There are schools offering nursing programs in North Carolina!
Schools Offering Nursing Programs in North Carolina
The top-ranked school in North Carolina that has a nursing program is Duke University. Duke University, which was ranked 10th in the country in 2010, is located in Durham. In 2010, 191 students graduated from Duke University's nursing program. Students at Duke University paid $40,243 per year in tuition fees.
University of North Carolina at Chapel Hill, which was ranked 12th nationwide in 2010, is the second-ranked school in North Carolina that has a nursing program. It is located in Chapel Hill. In 2010, University of North Carolina at Chapel Hill graduated 312 students from its nursing program. Tuition at University of North Carolina at Chapel Hill was $6,665 per year.
The third-ranked school in North Carolina with a nursing program is Appalachian State University, which is located in Boone. In 2010, it was ranked 27th nationwide. In 2010, Appalachian State University graduated 43 students from its nursing programs. Tuition at Appalachian State University was $5,251 per year.
Nursing schools in North Carolina, charge students an average tuition of $4,414 per year. But, tuition can be as much as $40,243 per year, or as little as $1,422 per year. The North Carolina nursing schools with the highest tuition rates in 2010 were:
- Duke University - located in Durham, students are charged $40,243 per year
- Lenoir-Rhyne University - located in Hickory, students are charged $25,290 per year
- Queens University of Charlotte - located in Charlotte, students are charged $23,752 per year
The lowest tuition rates at North Carolina nursing schools were charged at the following schools:
- Randolph Community College - located in Asheboro, students are charged $1,422 per year
- Vance-Granville Community College - located in Henderson, students are charged $1,454 per year
- Southeastern Community College - located in Whiteville, students are charged $1,455 per year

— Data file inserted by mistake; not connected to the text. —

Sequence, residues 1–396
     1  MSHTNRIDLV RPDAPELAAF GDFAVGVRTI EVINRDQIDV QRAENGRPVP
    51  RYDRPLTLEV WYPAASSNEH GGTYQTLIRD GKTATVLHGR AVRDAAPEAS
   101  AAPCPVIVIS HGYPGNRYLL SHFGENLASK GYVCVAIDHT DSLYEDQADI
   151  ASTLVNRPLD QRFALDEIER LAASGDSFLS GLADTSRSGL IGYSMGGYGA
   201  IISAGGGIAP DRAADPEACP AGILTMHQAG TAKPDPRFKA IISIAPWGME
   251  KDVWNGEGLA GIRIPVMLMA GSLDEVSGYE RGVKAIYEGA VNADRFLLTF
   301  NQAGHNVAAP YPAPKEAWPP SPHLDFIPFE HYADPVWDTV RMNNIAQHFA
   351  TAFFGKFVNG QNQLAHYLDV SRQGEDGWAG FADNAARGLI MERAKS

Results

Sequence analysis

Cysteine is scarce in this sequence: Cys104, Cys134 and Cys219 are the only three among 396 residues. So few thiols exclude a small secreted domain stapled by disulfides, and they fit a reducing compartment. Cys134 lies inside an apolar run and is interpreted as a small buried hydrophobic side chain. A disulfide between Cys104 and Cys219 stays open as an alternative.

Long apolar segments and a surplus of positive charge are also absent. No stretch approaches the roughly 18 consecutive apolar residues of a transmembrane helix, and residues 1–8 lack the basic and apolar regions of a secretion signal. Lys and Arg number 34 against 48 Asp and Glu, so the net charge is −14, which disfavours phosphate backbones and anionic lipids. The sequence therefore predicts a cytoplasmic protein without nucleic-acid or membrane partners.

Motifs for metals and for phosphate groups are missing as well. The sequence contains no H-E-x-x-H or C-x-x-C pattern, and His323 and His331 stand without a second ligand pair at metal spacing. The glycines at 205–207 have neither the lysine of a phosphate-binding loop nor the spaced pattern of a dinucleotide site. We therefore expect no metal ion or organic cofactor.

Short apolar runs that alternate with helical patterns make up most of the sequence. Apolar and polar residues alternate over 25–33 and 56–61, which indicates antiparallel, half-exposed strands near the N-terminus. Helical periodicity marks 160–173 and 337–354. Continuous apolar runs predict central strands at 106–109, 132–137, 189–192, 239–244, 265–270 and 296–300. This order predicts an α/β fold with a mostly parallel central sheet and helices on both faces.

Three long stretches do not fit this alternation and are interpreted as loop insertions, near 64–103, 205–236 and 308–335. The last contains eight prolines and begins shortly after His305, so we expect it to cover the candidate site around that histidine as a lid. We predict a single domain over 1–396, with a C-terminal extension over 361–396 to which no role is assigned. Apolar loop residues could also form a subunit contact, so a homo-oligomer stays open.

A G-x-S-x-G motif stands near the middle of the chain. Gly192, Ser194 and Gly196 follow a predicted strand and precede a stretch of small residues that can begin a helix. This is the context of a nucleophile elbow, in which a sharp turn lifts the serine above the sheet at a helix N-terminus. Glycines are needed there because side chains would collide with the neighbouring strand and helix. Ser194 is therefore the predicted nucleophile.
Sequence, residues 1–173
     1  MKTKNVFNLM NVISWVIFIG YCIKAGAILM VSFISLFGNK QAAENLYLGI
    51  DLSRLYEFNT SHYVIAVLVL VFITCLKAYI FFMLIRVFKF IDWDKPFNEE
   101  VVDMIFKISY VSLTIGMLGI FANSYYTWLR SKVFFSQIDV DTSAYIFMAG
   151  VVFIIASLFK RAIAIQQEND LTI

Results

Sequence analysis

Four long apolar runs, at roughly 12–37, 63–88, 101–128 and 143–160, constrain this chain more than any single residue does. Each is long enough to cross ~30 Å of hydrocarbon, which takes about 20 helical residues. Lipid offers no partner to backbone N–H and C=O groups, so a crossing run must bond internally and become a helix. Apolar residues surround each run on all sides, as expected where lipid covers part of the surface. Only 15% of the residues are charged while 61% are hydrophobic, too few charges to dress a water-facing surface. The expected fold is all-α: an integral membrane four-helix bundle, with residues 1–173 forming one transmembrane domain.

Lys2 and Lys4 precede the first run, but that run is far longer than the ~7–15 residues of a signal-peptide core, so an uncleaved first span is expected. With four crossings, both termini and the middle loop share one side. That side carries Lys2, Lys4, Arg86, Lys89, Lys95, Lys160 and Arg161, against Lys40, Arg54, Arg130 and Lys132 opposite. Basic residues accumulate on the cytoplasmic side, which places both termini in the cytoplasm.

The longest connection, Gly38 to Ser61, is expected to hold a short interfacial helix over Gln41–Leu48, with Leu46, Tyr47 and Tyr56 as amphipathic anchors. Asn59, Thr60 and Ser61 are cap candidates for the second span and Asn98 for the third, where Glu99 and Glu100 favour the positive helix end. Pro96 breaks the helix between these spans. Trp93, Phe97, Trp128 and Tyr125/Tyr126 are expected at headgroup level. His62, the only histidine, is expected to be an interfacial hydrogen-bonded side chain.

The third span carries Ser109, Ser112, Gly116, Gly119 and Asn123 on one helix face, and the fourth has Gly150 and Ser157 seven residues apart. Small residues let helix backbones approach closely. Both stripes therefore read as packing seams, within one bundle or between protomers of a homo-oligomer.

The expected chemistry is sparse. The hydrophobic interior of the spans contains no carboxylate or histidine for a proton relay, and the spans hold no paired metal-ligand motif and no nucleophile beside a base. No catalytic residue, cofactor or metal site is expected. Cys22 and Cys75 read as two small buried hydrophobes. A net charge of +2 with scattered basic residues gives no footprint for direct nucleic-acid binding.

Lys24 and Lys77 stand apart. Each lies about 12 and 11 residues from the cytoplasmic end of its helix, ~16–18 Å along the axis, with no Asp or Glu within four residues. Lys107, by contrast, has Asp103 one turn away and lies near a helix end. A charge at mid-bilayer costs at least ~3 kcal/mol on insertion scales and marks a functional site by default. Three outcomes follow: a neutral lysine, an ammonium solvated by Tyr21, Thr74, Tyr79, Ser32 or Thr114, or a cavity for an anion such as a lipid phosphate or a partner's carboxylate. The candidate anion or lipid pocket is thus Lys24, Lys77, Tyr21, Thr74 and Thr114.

A nursing degree from a North Carolina school... what next?
Some of the most popular jobs nursing graduates in North Carolina pursue include licensed practical nurse, family nurse practitioner, critical care clinical nurse specialist, and patient care assistant. North Carolina had 154,310 nurses in 2010. 90,730 of these nurses were registered nurses, 17,680 were licensed practical nurses, and 1,460 were family nurse practitioners. The largest populations of North Carolina nurse are working in the following counties:
- Anson County - 28,320 nurses
- Chatham County - 16,920 nurses
- Franklin County - 14,690 nurses
According the US Bureau of Labor Statistics, the number of nurses is expected to grow by 17% by 2018. There are projected to be 162,760 nurses working in North Carolina then. Of these 162,760 nurses, the government predicts that 107,100 will be registered nurses, 20,090 will be licensed practical nurses, and 1,890 will be family nurse practitioners.
On average, nurses earn $56,662 per year. However, North Carolina nurse earned anywhere in the range from as less than $15,940 per year to more than $159,590 per year in 2010. The following counties in North Carolina have the highest average salaries for nurses:
- Chatham County - $60,486 per year
- Buncombe County - $60,114 per year
- Anson County - $59,790 per year
The North Carolina counties with the lowest average salary for nurses are:
- Beaufort County - $48,110 per year
- Alleghany County - $48,120 per year
- Onslow County - $49,530 per year
On average, the highest paid nurses in North Carolina were:
- Critical Care Clinical Nurse Specialist - $92,110 per year
- Family Nurse Practitioner - $67,700 per year
- Registered Nurse - $60,260 per year
On average, the lowest paid nurses in North Carolina were:
- Licensed Practical Nurse - $40,560 per year
- Patient Care Assistant - $22,680 per year
Take a look at the graphs and charts below for additional North Carolina statistics regarding a career in nursing and to compare salaries with a variety of related fields such as nurse assisting or LPN.
Here are the different levels of study available for you to explore.
- Associate's Degree in Nursing in North Carolina
- Bachelor's Degree in Nursing in North Carolina
- Master's Degree in Nursing in North Carolina
- Doctoral Degree in Nursing in North Carolina
- Certificate in Nursing in North Carolina
Curious what studying Nursing gets you?
Check out the different options and how they're looking in North Carolina
|Rank||Profession||Employment Number||Avg Salary||Job Growth (past 5 yrs)|
|Nursing Aides, Orderlies, and Attendants||37,030||$22,680||-5.0%|
|Licensed Practical and Licensed Vocational Nurses||17,680||$40,560||10.6%|
|Medical and Health Services Managers||7,410||$92,110||9.1%|
|Health Diagnosing and Treating Practitioners, All Other||1,460||$67,700||94.7%|
Got your degree? Time to find a job!
Below are nursing related jobs in North Carolina